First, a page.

How To Get Accessibility Right in A UI/UX Prototype?

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Software prototyping is highly beneficial for most software or web products. It allows precise planning before development and ensures a better result quality. Usually, when talking about prototyping, we would mention the flexibility it provides, its money-saving properties, and streamlined development.

Accessibility is a huge aspect of any good product. It indicates that the creators want to reach out to as many people as possible, including people with disabilities. According to World Bank, over 1 billion people experience disability, and 110 to 190 million cases are severe.

What is accessibility in product development?

Accessibility is your way to include millions of people interested in what you’re offering but couldn’t get that service for any reason. It’s about making your software or website usable for a wider audience. The Internet grew from the idea that everyone should have easy access to information, no matter the location or physical capabilities. Now we can improve that access further, providing the highest level of inclusion.

People with low vision, mobility, or impaired hearing are most commonly named in accessibility discussions. But other people don’t fit that profile like parents caring for infants and mainly operating with one hand. Circumstances change, and people who could use the product as is can now suffer from temporary or permanent accessibility troubles.

Product accessibility includes the needs of all those people and helps designers and developers come up with a solution that’s comfortable for all users.

When is a good time to focus on accessibility?

Accessibility should be kept in mind as an ongoing goal. It’s more of a mentality to have as a team. A constant readiness to make that extra effort to polish the accessibility and erase the borders for users who might feel them in other products.

While there’s an opinion that accessibility is best implemented and tested on a real piece of software, we believe the process should start much earlier. The Discovery phase and UX/UI prototyping, in particular, offer better product quality and budget compliance.

Focusing on accessibility before coding and prioritizing a comfortable customer journey and intuitive interface can help with traction, loyalty, and engagement. In addition, you’ll get more chances to get it right because of how flexible you are during prototyping. You can also user-test multiple accessibility aspects with a clickable UI/UX prototype.

What are some best practices in accessibility?

The general goal is clear – to make the product accessible to as many people as you can. If a person could or should use the service, it’s counterproductive (and in some countries even illegal) to discriminate against them by an inconvenient interface. But what steps can we take to achieve inclusion and accessibility?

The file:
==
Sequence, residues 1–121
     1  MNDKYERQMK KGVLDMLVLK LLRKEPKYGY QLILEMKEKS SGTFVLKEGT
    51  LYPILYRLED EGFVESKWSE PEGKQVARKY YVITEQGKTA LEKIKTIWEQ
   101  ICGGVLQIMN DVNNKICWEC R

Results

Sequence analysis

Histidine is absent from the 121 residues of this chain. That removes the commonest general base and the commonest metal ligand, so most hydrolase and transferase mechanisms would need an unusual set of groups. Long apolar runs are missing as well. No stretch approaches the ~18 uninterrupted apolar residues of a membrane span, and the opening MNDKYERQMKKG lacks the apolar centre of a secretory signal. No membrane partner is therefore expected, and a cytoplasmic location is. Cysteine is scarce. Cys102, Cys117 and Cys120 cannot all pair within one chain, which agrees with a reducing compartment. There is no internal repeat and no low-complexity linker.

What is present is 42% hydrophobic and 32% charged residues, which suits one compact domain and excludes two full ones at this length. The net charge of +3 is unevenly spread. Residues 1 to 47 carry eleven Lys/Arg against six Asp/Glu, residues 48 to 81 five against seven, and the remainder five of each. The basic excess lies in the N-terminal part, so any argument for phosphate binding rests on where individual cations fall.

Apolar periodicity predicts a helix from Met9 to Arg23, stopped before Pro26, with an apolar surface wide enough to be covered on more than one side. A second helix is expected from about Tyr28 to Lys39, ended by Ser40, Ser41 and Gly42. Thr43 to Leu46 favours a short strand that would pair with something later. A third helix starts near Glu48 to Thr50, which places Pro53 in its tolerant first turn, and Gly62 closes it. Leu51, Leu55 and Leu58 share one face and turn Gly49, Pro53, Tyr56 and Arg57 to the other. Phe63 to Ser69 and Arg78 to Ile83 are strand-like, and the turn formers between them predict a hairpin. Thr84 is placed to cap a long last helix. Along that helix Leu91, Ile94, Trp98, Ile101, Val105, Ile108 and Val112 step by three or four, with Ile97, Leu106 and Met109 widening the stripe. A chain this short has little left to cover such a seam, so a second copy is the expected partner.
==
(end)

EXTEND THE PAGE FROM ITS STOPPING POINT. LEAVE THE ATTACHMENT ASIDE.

Visual hierarchy

The most important sections must be the most visible ones. This effect can be achieved through multiple means.

  • Align elements so that there’s an intuitive connection where it matters
  • Choose bigger fonts and experiment with layouts to highlight key parts
  • Make sure there’s a noticeable distance between elements on the screen

The goal here is to make sure that each element is visible and can’t interfere with the other part of your product.

Color and contrast

Colors are an imperative part of any design. They inform, highlight, make rough edges smoother, and much more. Selecting the right color palette is vital, and there is some science behind that.

Color theory and color wheel help choose the most fitting colors, creating a non-invasive environment within the product. Canva’s tool allows experimenting with the right palette and color selection.

Keep in mind people with reduced color perception, as there are different types of color blindness and all of the design elements must also remain visible in that case.

Contrast comes after the color choice. Even with the perfect color selection, you may sacrifice accessibility without even knowing it. Here are a few things to consider:

  • Font color
  • Background color
  • Button colors
  • Other elements of the user interface

The list can expand based on the specifics of your product. But the bottom line is – accessibility is achieved through contrast that boosts the visibility of more important elements of UI.

Adaptive resolution

Presenting your product in a form that fits the majority of devices is considered a good tone. Thankfully, services like Figma allow quick adjustments to the layout, so you don’t have to spend too much time on that.

The next step, however, is to make sure that your product is accessible when people use devices that zoom the content or just up the scale to 150% or more. The blocks, the buttons, and other elements must stay together to avoid confusion and misunderstanding.

Are there any accessibility guides or manuals?

Yes, quite a few, actually. The design community actively strives to create better, more accessible user interfaces while creating step-by-step guidelines. Here are some that are most commonly used:

UI Guidelines:

  • Material Design by Google
  • Ant Design React UI library
  • Human Interface Guidelines by Apple

Accessibility Standards:

You can find relevant information for your product and platform, which will greatly speed up the process of making your product more accessible during the software prototyping stage.

As a company with extensive knowledge and practical experience in UX and UI design, we’re here to guide you through this abundance of information, which undoubtedly can be intimidating at first.

Image by DCStudio